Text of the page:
Michael Niederman is a critic with New York Theatre Review. This account has been auto-generated, and does not indicate that this person is an active member of Show-Score.com. That said, if you "follow" this member, you will automatically be updated whenever s/he writes a new review.
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"As played by NACL performer, the charming Tannis Kowalchuk, Anne is a warm and loving presence...Over the course of the hour Kowalchuk fully immerses herself into the contradiction that is Anne Hathaway...Under the watchful direction of Mimi McGurl, and accompanied by multi-instrumentalist Rima Fand, Kowalchuk uses all sorts of movement, song, and poetic language to play the multiple characters who inhabit this tale." Full Review
"Mieko Gavia's performance of Lou is powerful, brutally intellectual yet almost pathologically afraid of sensuality...The completely game cast investigates different aspects of male privilege, and how even the best intentions are shadowed by this power imbalance...Like many biography plays, the text sometimes suffers from an effort to fit in too many events...'Lou' is a welcome meditation on the true nature of art, philosophy, and the never-ending battle of the sexes." Full Review
"Company XIV’s 'Paris' is an amazing, debaucherous, and ultimately, goddamned sexy telling of the ancient Greek myth the Apple of Love, and the Apple of Discord...Some of the hottest and creative burlesque routines I’ve seen in a long time...You don’t want to know how well they adapt the Greek tale. You want to know if it’s hot. And it is. Dear goddess it is...You want to know if it’s sexy? Yes, the show brought the sex, tumescently so." Full Review
"Orwell is played by Jamie Horton in a note-perfect portrayal...Orwell was indeed brilliant, and throughout the play we’re given a window into the history of his long and storied relationship with the written word...While all this might be interesting for this English major, the problem here is that it’s not much of a play...Director Peter Hackett does what he can to dramatize these lectures, but at the end of the day the majority of the piece is restricted to situations of one man talking." Full Review
“The challenge is the sheer boredom that comes with a siege...Unfortunately this sense of boredom threatens to envelop the production...If there is a complaint to be had, it’s that the piece isn’t brutal enough...The act of war is a vulgar, unnatural act. To watch it represented in the pleasant surroundings of the Delacorte Theater, vaguely sanitized, it almost seems a disservice. It’s a rare occasion when you wished for more depravity in our theater, but this is the world that we live in." Full Review
for a previous production "Before you think that this show is nothing more than a dry lecture, I have to stress just how much fun a show 'The Imbible' is. Anthony Caporale is an excellent host, exactly the kind of raconteur that you want across from you at the bar. His stories are meandering without being vague, funny without being pithy, and full of enough references that you feel hip..I highly recommend that you take a trip down for what promises to be a most informative and entertaining evening." Full Review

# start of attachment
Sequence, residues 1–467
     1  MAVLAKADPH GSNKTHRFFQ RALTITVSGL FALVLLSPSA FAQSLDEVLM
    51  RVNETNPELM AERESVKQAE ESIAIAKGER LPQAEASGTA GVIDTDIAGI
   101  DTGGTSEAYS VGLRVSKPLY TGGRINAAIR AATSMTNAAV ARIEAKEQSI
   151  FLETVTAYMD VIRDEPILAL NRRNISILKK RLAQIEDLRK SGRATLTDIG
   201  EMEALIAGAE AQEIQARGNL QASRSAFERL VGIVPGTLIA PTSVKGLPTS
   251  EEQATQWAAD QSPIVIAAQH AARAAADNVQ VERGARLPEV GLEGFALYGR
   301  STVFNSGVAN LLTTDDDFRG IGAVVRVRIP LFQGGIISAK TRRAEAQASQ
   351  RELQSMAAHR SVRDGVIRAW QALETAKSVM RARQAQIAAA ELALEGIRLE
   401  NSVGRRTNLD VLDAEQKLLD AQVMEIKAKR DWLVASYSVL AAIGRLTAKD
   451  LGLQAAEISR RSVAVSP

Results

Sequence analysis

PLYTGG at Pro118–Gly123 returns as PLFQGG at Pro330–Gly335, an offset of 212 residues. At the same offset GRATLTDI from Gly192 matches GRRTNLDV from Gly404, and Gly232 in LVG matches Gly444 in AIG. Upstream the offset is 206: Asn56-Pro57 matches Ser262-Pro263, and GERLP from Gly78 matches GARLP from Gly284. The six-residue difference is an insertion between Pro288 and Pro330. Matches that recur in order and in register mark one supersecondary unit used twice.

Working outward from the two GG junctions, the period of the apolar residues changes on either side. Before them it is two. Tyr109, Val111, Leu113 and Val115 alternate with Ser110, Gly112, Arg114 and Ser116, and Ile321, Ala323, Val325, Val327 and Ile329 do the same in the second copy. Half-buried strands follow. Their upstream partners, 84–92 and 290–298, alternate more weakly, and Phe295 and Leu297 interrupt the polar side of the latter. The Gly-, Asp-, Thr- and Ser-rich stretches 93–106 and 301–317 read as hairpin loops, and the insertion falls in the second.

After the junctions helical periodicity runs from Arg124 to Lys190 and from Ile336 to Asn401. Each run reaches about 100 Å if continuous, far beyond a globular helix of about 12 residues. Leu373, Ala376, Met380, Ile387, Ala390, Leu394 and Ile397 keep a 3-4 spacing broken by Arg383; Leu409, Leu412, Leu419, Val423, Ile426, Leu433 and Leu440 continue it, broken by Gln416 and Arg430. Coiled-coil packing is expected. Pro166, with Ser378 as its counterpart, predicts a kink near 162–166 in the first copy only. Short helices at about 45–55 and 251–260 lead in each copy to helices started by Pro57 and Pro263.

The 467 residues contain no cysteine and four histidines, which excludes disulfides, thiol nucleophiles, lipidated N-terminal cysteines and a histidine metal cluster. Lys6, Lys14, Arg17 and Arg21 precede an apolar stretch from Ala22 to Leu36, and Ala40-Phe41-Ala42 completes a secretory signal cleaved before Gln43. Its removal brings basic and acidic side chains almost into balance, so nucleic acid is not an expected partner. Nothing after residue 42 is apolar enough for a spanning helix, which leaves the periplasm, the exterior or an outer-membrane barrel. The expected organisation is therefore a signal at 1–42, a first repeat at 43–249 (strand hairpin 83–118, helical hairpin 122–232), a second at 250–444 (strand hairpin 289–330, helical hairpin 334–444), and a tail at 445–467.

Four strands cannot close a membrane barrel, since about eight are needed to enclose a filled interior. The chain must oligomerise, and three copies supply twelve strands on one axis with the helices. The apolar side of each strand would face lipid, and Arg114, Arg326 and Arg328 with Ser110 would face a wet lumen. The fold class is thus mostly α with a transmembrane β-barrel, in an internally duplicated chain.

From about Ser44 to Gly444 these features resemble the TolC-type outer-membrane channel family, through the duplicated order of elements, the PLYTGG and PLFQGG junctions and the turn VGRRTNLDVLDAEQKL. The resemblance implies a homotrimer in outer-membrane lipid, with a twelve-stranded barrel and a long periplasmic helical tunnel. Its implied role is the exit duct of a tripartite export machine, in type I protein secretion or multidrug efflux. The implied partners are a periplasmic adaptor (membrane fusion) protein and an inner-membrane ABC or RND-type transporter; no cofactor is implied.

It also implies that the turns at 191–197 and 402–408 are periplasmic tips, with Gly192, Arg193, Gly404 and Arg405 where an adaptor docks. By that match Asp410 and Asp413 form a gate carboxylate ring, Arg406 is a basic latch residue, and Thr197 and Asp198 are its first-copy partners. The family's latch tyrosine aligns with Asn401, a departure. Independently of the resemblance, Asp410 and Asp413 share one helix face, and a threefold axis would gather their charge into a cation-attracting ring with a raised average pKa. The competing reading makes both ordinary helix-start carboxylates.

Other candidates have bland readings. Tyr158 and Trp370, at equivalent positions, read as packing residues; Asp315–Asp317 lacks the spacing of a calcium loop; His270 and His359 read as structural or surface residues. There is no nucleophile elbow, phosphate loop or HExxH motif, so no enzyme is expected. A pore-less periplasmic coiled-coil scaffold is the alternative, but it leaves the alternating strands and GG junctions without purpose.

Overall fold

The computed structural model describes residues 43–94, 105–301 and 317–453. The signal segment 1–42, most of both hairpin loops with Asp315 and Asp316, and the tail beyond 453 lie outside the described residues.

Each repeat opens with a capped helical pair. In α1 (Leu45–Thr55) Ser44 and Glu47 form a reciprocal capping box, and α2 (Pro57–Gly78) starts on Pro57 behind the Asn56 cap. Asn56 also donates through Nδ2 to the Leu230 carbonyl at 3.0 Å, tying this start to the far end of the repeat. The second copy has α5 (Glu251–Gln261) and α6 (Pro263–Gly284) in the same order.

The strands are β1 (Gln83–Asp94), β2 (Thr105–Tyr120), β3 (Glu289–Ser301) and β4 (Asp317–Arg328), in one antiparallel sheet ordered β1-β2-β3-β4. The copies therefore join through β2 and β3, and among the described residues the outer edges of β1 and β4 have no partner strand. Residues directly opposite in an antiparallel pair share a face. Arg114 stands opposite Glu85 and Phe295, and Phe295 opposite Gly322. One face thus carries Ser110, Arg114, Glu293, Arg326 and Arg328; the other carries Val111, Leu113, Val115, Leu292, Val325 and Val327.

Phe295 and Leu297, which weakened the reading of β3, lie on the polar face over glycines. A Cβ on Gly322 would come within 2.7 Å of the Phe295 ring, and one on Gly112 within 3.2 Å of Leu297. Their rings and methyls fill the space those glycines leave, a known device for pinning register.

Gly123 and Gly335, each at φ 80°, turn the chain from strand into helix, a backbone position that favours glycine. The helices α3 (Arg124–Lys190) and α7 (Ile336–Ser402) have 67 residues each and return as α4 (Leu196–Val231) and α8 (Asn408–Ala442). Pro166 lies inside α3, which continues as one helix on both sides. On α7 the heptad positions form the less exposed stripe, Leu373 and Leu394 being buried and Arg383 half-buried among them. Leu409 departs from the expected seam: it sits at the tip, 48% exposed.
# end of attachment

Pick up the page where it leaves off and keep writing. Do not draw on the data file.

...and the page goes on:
"The long-range repercussions of trauma, oppression, and the structural buttresses of racist America are explored through the letters between a pair of lovers...Directed with lyrical restraint by Evan Yionoulis, 'He Brought Her Heart Back In A Box' is memory that is the primary action of this play, as the two characters only share two short scenes together, and even these brief bookends are focused on the gulf of history that separates these tragic young lovers." Full Review
"A brilliant and timely production...A miracle of theater, and one that probably should be seen by anyone who worries about where all of us are going...This production is, simply put, is a revelation. As directed by Arbus, it combines just about every theatrical element that exists under the sun...The giant cast crowd the stage and the audience, and almost every single one of them, from lead performers to members of the chorus, have moments to shine...I can’t praise this show enough." Full Review
"There was a disconnect between the gestalt of the show, and the story it was telling, a disconnect that, as impressed as I was by the direction, design, and performances, left me wanting a little bit more...The design of this play, it must be stressed, is quite amazing...It was just a play, albeit one with great projections. And as a play, the script doesn’t live up to the creators' attempt to put an immersive world on stage. " Full Review
“Stretches of the play call to mind the second acts of low-budget zombie films...Juxtaposed with these scenes of realistic teenage life are the cheer routines...These routines cast the girls as a Greek Chorus in their own lives, which only makes sense, as modern-day society constantly tells women–and especially young women–that their experiences are not theirs alone, and that their pain needs to be acknowledged by men in order to be considered real.” Full Review
"As directed by the Federal Theater’s Woodie King Jr., Wilson’s one-man monologue of Robinson’s life shows a different kind of superstar...Wilson portrays Robinson as a man proud of his extraordinary achievements, yet all too aware of his place in society. This illustrated the frustrating thing about Robinson’s life, and the play that depicted it...'Sugar Ray' is a collaboration between some greats of African-American culture." Full Review